Rapid stepping out of the 2 men crew of the machine proved however as problematic, on the one hand because of the very small hatch lain directly before the engines on the left fuselage side and on the other hand because of the extremely strong current. Therefore at least with some machines the hatch was increased and attached before the hatch a draft deflector.
AZON – beginning only one makeshift
On 20 June 1944 Spaatz informed general Henry H. “Hap” Arnold over the beginning of the project and required to accomplish appropriate tests also in the USA. Thereupon at the test site of the US Air Force in Florida a program under the designation “Weary Willie” was brought into being. It seems to have been only halfheartedly pursued however, since it had hardly effects on the work in England.
The project Aphrodite ordered 23 June 1944 by the USSTAF under the condition that the 8. US Air Force development and testing accomplishes. Directly operational the engineering section concerned with it designated at that time for the testing of the guidable AZON bomb (AZON = azimuth only) radio price increase used as the best suitable. Practically it represented however only one makeshift up to the arrival of special devices from the USA.
Major Henry Rand, the technical expert for the AZON system, received instruction, to leave the AZON equipment in Horsham St. Faith and go after Burton Wood, while three crews trained at the AZON system went to Bovingdon, where the first remote-controlled bomber should be tested.
Old airplane with new behavior in descending flight
In the meantime had the 8. US Air Force the 3rd Bomb division with the allocation of the Aphrodite unit assigns. Voluntary pilots and radio operators, who had been recruited from the groups of bombers of the division for a “secret and dangerous” mission, were sent to the Honington Air Depot, where the 1st Strategic Air Depot was busy with it to develop from 10 war-tired B-17F/G bombers – with altogether 65 planned – the unnecessary equipment.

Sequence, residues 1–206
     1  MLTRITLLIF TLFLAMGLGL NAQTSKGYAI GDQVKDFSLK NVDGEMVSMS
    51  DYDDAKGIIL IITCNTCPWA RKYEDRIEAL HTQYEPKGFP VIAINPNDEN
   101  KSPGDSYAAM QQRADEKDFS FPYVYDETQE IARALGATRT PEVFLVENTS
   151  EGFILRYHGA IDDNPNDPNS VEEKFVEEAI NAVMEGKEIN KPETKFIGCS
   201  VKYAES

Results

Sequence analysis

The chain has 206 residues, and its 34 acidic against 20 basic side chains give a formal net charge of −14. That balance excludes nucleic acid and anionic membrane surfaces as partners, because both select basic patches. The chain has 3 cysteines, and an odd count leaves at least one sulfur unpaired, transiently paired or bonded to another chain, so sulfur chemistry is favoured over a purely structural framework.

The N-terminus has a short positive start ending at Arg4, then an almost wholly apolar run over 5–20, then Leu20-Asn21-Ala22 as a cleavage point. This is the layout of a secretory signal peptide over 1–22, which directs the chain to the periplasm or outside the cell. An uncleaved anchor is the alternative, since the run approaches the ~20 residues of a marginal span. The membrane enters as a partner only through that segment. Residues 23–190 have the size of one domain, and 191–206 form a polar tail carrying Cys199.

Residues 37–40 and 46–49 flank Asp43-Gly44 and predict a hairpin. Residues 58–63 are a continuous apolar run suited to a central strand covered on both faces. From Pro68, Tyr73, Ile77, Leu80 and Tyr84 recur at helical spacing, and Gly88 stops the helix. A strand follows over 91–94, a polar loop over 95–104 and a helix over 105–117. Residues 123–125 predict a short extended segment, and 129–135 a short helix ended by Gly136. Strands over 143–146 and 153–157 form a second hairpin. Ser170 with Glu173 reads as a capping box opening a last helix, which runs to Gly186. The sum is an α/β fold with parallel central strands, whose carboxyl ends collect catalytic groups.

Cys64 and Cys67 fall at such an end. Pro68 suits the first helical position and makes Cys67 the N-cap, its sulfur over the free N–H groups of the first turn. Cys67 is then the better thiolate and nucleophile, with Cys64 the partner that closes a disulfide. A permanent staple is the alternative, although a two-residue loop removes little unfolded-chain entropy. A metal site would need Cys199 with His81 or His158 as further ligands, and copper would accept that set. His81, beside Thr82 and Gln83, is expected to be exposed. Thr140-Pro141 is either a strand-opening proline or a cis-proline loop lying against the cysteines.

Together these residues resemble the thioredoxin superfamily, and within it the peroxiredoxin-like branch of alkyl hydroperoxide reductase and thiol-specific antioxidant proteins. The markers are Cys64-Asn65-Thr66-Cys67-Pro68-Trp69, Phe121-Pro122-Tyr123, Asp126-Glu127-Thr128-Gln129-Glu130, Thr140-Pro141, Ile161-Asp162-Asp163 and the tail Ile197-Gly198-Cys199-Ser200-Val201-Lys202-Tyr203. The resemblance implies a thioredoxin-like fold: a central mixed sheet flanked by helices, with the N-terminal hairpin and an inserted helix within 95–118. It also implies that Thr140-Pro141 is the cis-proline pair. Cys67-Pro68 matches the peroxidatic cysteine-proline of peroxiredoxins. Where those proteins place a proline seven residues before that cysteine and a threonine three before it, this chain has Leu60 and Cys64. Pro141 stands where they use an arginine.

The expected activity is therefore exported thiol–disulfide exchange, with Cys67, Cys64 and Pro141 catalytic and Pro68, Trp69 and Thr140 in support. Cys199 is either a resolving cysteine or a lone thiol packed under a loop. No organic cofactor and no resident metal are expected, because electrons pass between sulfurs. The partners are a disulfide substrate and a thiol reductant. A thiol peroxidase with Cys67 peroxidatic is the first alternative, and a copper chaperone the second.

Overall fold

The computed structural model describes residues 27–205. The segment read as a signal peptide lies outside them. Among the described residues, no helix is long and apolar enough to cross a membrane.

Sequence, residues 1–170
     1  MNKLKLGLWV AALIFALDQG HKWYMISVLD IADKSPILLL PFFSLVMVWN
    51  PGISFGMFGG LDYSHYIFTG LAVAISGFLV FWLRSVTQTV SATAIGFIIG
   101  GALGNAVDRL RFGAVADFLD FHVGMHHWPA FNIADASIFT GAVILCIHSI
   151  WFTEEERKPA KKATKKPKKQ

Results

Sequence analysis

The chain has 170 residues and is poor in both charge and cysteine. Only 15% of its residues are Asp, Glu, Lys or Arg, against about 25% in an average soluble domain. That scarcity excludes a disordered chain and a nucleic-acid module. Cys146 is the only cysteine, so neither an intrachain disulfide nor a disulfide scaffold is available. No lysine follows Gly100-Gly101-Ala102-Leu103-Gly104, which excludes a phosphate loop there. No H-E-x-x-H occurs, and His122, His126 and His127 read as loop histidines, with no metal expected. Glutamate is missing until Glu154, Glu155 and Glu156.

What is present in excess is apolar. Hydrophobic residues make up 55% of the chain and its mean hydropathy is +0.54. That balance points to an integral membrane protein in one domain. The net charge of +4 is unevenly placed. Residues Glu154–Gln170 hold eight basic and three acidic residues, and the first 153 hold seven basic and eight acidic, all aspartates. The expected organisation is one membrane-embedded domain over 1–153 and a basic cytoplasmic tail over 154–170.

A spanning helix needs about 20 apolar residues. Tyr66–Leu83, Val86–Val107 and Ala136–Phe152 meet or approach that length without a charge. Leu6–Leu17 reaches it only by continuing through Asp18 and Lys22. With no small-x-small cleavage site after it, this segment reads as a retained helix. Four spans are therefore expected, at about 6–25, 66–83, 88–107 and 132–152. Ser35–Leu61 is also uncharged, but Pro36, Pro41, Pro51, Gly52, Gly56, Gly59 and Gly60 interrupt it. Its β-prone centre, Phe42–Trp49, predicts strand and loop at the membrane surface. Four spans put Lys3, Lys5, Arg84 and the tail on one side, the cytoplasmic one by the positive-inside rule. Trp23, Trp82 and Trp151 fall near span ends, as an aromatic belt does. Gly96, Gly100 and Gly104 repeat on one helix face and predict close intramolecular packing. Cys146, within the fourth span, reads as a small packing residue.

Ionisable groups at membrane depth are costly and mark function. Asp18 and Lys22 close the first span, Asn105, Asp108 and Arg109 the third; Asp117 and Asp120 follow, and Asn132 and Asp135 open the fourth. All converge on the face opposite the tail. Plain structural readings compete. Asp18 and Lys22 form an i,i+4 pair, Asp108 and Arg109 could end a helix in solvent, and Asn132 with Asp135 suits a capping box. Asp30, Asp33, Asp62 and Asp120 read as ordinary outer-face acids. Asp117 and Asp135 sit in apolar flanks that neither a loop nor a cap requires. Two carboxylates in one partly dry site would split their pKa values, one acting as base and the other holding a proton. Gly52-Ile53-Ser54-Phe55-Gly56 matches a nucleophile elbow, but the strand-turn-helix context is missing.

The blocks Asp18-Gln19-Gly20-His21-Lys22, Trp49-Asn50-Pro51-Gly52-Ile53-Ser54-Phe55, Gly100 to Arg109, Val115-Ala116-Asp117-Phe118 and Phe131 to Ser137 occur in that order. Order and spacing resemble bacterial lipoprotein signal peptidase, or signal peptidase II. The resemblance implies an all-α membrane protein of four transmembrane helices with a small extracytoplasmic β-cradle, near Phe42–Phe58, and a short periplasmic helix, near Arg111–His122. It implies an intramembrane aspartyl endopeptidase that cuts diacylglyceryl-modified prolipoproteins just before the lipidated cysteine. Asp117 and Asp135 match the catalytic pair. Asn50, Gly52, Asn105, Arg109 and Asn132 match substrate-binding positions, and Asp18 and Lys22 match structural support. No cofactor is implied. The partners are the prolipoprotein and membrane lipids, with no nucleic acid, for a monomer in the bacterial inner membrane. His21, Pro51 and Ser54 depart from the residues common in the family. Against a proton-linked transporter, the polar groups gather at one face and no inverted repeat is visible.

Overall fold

The entire armoring, machineguns, which bomb release as well as oxygene equipment, copilot-seat as well as everything that for the unique flight was not necessary remoted. Thus the weight of the Flying Fortresses could be reduced to approximately 32,000 lbs (14,500 kg).
This weight reduction around 5.000 lbs (2,268 kg) affected however the flight behavior, so that data over the changed descending flight behavior of the B-17 had to be collected. This taken place to a large extent with help for the B-17F instance equal heavy transportation version of Major General Earle E. Partridges.
With a machine, the B-17F, 42-30595, was separated the entire structure of cab, in order to facilitate a loading with torpedoes. After newest realizations thereby the German battle ship “Tirpitz” should be attacked. After however the daring enterprise had been however dropped, the machine with its open cockpit was used only for training purposes, no longer however than Baby.
To development of the unnecessary equipment in Honington the B-17 was flown to Burton Wood, where her two AZON receivers coupled with the autopilot (one for the side and one for the altitude control), an antenna, which necessary wiring and a radio altimeter received for automatic altitude hold. In addition the bomb pit was locked and strengthened by cross beams, in order to be able to accommodate seven tons of the planned charge of ten tons explosive in it; the remaining three tons went into the front fuselage area. At first three AZON-B-24 of the 458th Bomb Group were used as guidance airplanes. In addition, a B-17G kept built into a AZON transmitter in Burton Wood.